Pros to building a new house
1. You can customise the design of the property to match the market
Building a new home means you have the freedom to customise the size and style to suit the needs of potential tenants. By talking with local architects and real estate agents you can gain an understanding of the most in-demand rentals in your area.
For example, building a set of 3 bedroom duplexes in Shortland is going to be more appealing to the suburb’s high student demographic, rather than building a set of duplexes in Cameron Park which is more saturated with families, who would prefer to live in a freestanding house.
2. Newer homes have a greater appeal to potential tenants
Other than location, tenants prioritise newer homes with modern amenities when looking for a rental. Not only will you reduce the risk of having an empty rental but you may also be able to get a higher rental return.
3. Receive More Depreciation Benefits
As an investor, you’re also able to claim a higher amount of depreciation on a newer home.
The depreciation of plant and equipment assets, such as air conditioners, dishwashers, carpet, or solar panels, can all be claimed, whereas this is not available for established properties.
For current information about your potential tax benefits, visit the Australian Taxation Office (ATO) website.
Cons to building a new house
1. There’ll be no rental income until the property is completed
Houses can take a long time to be built, usually between 6 months to a year. During this time you’ll still be paying mortgage repayments without earning a rental income. This means you need to consider if you can cover these expenses over this period, and longer to cover potential delays.
2. There’s a lot more work involved
The process of building a new home is a lot more involved than buying an existing property. Not only do you need to coordinate with real estate agents, mortgage brokers, and financial advisors, you will also need to choose the best builder and organise demolition (knockdown rebuild).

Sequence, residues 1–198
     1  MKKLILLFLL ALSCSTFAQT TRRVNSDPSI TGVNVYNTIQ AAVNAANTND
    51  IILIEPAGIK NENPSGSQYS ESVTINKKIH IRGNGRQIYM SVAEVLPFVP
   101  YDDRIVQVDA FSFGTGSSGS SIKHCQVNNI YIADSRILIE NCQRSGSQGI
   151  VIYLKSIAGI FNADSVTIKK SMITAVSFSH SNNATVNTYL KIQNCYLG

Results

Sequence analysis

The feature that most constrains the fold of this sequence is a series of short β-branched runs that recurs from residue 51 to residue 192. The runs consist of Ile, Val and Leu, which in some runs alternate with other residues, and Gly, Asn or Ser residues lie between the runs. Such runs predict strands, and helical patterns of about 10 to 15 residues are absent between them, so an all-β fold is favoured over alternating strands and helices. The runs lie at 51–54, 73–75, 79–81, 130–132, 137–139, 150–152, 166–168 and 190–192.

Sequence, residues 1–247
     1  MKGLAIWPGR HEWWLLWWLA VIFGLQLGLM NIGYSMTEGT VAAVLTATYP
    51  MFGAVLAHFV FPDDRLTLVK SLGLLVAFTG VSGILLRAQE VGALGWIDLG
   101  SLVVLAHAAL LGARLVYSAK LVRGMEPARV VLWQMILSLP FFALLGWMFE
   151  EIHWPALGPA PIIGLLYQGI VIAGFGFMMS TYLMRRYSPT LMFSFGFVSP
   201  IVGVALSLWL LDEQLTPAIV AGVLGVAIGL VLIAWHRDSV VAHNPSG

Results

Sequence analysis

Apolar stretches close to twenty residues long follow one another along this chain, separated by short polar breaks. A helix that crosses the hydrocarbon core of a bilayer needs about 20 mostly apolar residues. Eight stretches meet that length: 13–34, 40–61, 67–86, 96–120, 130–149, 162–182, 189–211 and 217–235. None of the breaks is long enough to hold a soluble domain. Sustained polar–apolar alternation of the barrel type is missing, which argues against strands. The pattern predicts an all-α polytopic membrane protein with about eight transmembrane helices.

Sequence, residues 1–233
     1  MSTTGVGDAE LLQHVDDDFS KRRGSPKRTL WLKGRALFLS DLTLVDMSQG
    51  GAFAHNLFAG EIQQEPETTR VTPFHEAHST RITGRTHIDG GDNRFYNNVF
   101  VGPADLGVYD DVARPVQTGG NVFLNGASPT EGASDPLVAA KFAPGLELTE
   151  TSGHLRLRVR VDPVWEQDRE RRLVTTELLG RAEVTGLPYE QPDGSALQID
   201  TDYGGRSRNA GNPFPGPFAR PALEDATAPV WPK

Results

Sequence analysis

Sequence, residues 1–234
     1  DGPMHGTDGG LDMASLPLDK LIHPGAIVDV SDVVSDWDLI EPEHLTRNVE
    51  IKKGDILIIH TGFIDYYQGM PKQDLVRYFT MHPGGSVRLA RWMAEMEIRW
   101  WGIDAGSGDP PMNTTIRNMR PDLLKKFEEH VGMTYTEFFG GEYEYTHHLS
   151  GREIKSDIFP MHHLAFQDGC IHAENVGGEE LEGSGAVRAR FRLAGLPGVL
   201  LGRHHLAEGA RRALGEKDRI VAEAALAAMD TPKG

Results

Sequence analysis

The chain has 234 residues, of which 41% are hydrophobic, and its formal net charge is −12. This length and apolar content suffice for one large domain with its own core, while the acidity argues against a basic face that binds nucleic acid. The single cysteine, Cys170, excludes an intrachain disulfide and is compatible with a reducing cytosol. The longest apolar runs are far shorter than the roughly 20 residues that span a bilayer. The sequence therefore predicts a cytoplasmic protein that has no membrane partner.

Pros to buying an established property
1. You’ll receive an automatic return on your investment
Unlike building a home, you can list the property for rent as soon as the property has been transferred, after this you may easily find a suitable tenant within a week.
If the property is already being leased, you can collect rent from day one, with no lease fees to find a new tenant.
2. You can see a property’s historical data
Older homes come with a proven resale value, so you can judge how well the property has increased in value over the years. If this property has recently been, or is currently, in the rental market, knowing the rental return can help you make an informed decision.
Cons to buying an established property
1. Older properties are less appealing to tenants
Older homes may be charming, but there can be less demand for rentals that have older appliances and fixtures. This can reduce the number of suitable and reliable tenants interested in your property.
2. Older properties have a lower rental return
Following on from this, due to dated fixtures or the size of the property (taking into account that many older homes have smaller or fewer bedrooms), the rental return for older properties is typically lower than that of newer homes.
3. Higher ongoing maintenance costs
Older homes tend to need more maintenance, and these bills can quickly stack up without warning. Not only may you need to replace dated appliances and fixtures, but if an unforeseen renovation needs to take place, with the need for tenants to vacate, this could mean you’re at a loss of rental income.
Are you looking for an investment property builder?
Future Built is a leading investment property builder in Newcastle. Specialising in duplexes, townhouses, and single dwellings, we can help build the best property to suit your location and maximise your rental return.
All of our projects are turnkey to ensure your tenants can move in faster and you can see returns sooner.
Get in touch with the Future Built team today to discuss your goals.